I used to do cloud paintings with this easy mix yourself puffy paint, but it struck me while reading one of the books below that it would make a great moon surface! It’s a perfect space craft for kids. The paint dries puffy and looks like the uneven surface of the moon. All of that though is secondary to how much fun my son had, I was planning on posting this next week but couldn’t wait!
- Gather your materials. You will need some strong paper ( I am using craft paper but a cereal box or paper grocery bag would do), shaving cream, white glue, a marker and scissors. My son asked for crayons to color his moon first so I obliged.
- Start by drawing a “Big round moon” or any phase your child wants.
- If you want start by coloring it with crayons.
- Time to mix the paint. You will need 1/2 cup of glue and 1 1/2 cups of shaving cream.
- Mix !
- Now explore. My son kept saying “Goopy mama, goopy hands!”
- Spread and explore it more on the paper.
- Let dry- I let it dry for 4 hours and the thicker parts were still goopy in the middle. I’d let it dry overnight to make sure.
- Cut out your moon !
“Night Goes By” by Kate Spohn is a book that explains how the sun goes down and the moon comes out and the cycle continues. The sun , moon and a star are all very cheery and enjoy their lots in life. The star and moon play all night! The book is simple and while I wasn’t too into it, my son really liked it. I would suggest it for toddlers and young preschoolers.
” The Moon” by Robert Louis Stevenson and illustrated by Tracy Campbell Pearson is a beautiful book. The poem was written in the 19th century but my two year old loved it paired with these stunning and warm illustrations of a family’s adventures at night. I really am so impressed with how well the words were put to life by the pictures, and my son loved it. It’s inspired me to find more classical literature and poetry to share with my son.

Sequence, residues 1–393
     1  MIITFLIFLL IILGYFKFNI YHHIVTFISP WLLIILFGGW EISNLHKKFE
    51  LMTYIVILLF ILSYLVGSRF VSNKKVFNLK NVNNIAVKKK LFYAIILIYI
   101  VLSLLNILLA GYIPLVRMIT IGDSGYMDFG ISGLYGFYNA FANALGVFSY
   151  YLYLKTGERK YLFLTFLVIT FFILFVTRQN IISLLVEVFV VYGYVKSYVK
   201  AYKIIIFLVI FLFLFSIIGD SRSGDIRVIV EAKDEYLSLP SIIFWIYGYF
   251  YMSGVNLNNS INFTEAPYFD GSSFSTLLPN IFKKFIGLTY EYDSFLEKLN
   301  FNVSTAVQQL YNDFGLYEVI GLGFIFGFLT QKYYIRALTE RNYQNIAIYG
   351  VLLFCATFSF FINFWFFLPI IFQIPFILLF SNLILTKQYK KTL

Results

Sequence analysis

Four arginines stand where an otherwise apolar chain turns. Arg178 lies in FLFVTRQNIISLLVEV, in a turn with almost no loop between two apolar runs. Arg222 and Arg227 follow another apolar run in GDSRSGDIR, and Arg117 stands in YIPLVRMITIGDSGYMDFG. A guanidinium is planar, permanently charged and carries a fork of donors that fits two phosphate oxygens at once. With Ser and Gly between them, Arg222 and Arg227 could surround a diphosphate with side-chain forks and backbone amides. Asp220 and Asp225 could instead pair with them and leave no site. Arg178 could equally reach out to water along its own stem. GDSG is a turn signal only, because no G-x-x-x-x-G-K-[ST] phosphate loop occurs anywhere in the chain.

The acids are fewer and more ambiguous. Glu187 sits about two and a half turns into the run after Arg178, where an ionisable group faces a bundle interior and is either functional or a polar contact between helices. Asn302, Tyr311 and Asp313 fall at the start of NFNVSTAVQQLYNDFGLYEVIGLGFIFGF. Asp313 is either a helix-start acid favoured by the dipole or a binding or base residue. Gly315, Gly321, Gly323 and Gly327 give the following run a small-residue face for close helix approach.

Pick Up !
Stars are my favorite shape and I couldn’t resist making our letter of the week into a starry creation, we were also eager to test out our new glitter. This craft is a great add on to a shape or better yet a space theme! Bet you thought it was going to be a shamrock S , not today but we still have a few St. Patrick’s Day activities to come !
- Gather your materials. You will need 3 pieces of construction paper ( 1 black, 2 neutral) , markers, glitter paint, scissors and glue.
- Start by having your child paint the black paper with glitter glue.
- While they do that draw a large S on the lighter paper
- On the 2nd piece draw some stars. I used a cookie cutter for one, and free styled the others, hmmm perhaps I should have traced the cookie cutter for all of them !
- Time to color the S, use the markers. We didn’t use the glitter but you can if you want .
- When they are done with the S, add glitter to the stars. Our glitter was a little hard to get out so I squeezed and my son smeared.
- Let everything dry.
- Cut out the S and glue it onto the black paper.
- Cut out the stars
- Add them to the S
- Let dry.
“Draw Me A Star” by Eric Carle is often not read in classrooms simply because of a beautiful depiction of a naked man and woman. It’s not what most parents expect to find in an Eric Carle book but it is very fitting in this beautiful and really touching book. The story although very similar to a biblical creation story isn’t necessarily reflective only of a christian view point , rather as I read it is was the author’s own creation. It begins and ends with a star , and hits all the right points in between.
” How to Catch a Star” by Oliver Jeffers is a sweet story about a little boy who wants a star of his own. I loved the bright and simplistic illustrations and the message about holding on to your dreams, working for them and figuring out that sometimes things come to you in packages you don’t expect! Great book!
My mother in law was asking me what I could make with hand prints besides a turkey, and this sun topped my long list of crafts. We all need a little sun during the dark days of winter, this craft is so easy and fits well with themes likes space, seasons, and learning about weather !